HC Deb 22 April 1913 vol 52 cc264-6

I looked up the expenditure of this country fifty years ago. I think it was rather a good period to take; in many respects the conditions were analogous. They are both years that came after the close of a great war in which we were engaged. We were then after the Crimean War and the Indian Mutiny—wars in which, in many respects, the military equipment had been found wanting, and found wanting in almost every essential condition except the gallantry and endurance of our soldiers. In both cases there was created a demand for increased expenditure; there were the same great passions thrilling the Navy; there were the same panics and nightmares. Then the French Emperor was the bugbear. The third great panic prophesied by Mr. Cobden had taken place; we had a dis- tinguished sailor, a distinguished fighting man—Sir Charles Napier—taking the lead in working up the excitement and nervous apprehension. He was firmly convinced that there would be an invasion of this country; he described the march upon London, and he said in this House, "when it comes, what will become of the funds, God only knows." He even fixed the date of the invasion. Enormous sums of money were spent in useless fortifications, and in twelve years the naval and military expenditure of this country doubled. There were the same calculations in comparison between fleets. We were told in every Motion in this House—and there were several Debates in the House of Lords—that the French fleet was superior in big ships and big guns. There were the same stories of secret preparation. We were told that the French were preparing huge transports for the purpose of landing troops, and we were assured that it would be the easiest thing in the world to land 80,000 men on the South Coast to march on London. It is a very interesting story, and worth studying now. Now we know the French Emperor not merely had no designs on us, but that he was exceedingly anxious to be friendly with this country, that it was the one anxiety of his life to be on good terms with Great Britain and her Sovereign. True, there were a few irascible French colonels, but we also know now for a certainty that at no time had they the remotest chance of landing anything or any troops in this country, and that our Fleet was overwhelmingly superior. At any rate, it had the effect of driving up expenditure.

Mr. Gladstone, who believed none of these things, called special attention to the alarming growth of expenditure in 1861, almost in words repeated to-day by critics of our expenditure. I should like to quote the words he then used. He said:— If there be any danger which has recently in an especial manner beset us. I confess that …. it has seemed to me to lie, during recent years chiefly, in our proneness to constant and apparently almost boundless augmentations of expenditure, and in the consequences that are associated with them. I do not refer to this or that particular charge or scheme. I do not refer to the Estimates of the year; but I think that when in an extended retrospect we take notice of the late at which we have been advancing for a certain number of years, we must see that there has been a tendency to break down all barriers and all limits …. I do trust that the day has come when a check has began to be put to the movement in this direction. That was in 1861; Mr. Gladstone was then submitting to this House a Budget statement which provided for £70,000,000—£2 8s. 3d. per head of the population. It is now £4 6s. 3d., and I think it is very important—there is no more important function that this House can discharge than an examination of the National expenditure—to call attention to the direction in which expenditure has grown, so that criticism should be well informed and well directed.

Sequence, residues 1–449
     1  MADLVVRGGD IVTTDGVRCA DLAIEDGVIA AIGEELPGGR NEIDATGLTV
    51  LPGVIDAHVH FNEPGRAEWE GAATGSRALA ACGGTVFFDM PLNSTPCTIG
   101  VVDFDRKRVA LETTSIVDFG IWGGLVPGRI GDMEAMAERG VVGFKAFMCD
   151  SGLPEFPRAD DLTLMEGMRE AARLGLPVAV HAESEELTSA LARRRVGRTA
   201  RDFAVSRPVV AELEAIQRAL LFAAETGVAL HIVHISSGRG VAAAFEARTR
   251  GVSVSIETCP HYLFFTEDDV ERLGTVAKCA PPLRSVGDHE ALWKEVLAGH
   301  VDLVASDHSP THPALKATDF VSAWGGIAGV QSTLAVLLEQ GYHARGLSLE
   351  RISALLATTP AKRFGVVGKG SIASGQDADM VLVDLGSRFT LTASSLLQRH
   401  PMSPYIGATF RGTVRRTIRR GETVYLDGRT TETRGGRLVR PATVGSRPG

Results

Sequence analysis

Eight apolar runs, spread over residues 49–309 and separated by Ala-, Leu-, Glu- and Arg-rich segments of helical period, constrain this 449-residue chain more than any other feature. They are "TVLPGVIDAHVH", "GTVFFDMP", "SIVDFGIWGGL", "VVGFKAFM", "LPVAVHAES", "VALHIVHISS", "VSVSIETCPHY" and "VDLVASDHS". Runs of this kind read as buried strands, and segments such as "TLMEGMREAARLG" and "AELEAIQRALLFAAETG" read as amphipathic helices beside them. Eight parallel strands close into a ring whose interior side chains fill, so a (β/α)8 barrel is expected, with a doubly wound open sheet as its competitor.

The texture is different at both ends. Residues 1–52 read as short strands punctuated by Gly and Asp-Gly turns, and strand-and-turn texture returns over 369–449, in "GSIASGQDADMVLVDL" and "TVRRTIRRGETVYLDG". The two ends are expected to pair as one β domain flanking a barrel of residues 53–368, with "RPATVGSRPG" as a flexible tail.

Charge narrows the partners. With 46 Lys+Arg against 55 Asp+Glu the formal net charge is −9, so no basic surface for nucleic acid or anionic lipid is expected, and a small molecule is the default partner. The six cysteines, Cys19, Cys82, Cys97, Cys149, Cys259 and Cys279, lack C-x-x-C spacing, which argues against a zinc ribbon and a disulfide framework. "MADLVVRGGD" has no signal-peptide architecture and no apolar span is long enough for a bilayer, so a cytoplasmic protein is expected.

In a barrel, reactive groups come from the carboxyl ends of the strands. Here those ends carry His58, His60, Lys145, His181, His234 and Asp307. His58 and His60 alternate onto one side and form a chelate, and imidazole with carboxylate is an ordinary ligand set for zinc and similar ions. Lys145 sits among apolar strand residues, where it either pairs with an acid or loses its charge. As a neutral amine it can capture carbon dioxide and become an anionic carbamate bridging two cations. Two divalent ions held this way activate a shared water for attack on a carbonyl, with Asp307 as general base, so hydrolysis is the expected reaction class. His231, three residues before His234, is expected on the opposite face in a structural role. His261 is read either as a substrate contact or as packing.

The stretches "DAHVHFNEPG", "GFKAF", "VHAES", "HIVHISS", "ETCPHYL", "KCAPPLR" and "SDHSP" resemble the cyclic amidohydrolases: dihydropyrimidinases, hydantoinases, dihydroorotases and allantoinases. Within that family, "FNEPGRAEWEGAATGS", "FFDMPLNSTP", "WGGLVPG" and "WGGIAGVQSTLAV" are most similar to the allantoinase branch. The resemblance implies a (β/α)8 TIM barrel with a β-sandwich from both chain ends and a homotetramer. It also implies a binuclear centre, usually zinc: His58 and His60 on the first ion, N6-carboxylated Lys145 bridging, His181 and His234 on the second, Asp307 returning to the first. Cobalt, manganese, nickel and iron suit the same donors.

The largest increase since then has been in armaments. I pointed out that 1861 represented the high water-mark of that date of the cost of armaments. Shortly afterwards expenditure on the Army and Navy fell by something like £2,000,000 a year. It was then £28,285,000; it is now £74,544,000, an increase of £46,000,000. It was then growing at the rate of hundreds of thousands per year; it is now growing at the rate of millions a year. Since I have had the privilege of occupying my present office expenditure on armaments has grown by £15,000,000 and I see no prospect of this very menacing growth coming to an end unless there is some fundamental change in the attitude and policy of the nations of the earth.


Or of the Government.


The expenditure on armaments differs from every other expenditure in two respects. One is, it is non-productive. The other is that the increase or diminution in armaments is not dependent upon the will of the individual Government that initiates the expenditure, or even of the House of Commons that sanctions the expenditure; it depends upon the concerted, or rather competitive, will of a number of great nations, of whom we constitute one of the most potent. Now armaments count for the largest, and I think the most sterile, increase since 1861. If the Committee will just follow the other items of expenditure, I think they will agree that they are much more full of encouragement and hope. There are larger sums spent upon objects which give a promise of strength and happiness to the nation. It is no use quoting details without examining the purpose of the expenditure. Whether an increased expenditure is an improvement or not depends, first of all, on the purpose of the expenditure and on the means.